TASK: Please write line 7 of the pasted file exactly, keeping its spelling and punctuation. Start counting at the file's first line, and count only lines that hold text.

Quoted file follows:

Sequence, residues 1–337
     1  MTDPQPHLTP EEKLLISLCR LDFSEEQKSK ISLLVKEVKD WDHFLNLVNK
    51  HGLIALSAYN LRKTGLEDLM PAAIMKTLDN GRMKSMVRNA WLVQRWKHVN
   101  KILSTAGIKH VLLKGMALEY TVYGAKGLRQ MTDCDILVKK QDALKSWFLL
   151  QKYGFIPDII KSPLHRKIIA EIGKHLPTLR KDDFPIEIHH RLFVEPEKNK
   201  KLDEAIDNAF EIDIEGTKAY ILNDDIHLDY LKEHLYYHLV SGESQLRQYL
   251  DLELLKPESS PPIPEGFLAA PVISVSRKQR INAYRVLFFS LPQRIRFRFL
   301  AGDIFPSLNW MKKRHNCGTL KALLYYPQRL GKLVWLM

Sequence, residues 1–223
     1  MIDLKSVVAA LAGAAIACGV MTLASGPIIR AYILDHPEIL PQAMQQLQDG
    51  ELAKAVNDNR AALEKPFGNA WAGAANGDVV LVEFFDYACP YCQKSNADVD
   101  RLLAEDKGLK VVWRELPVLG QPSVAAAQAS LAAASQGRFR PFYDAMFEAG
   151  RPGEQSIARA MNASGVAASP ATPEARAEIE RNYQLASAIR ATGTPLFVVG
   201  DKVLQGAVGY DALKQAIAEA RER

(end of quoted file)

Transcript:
   251  DLELLKPESS PPIPEGFLAA PVISVSRKQR INAYRVLFFS LPQRIRFRFL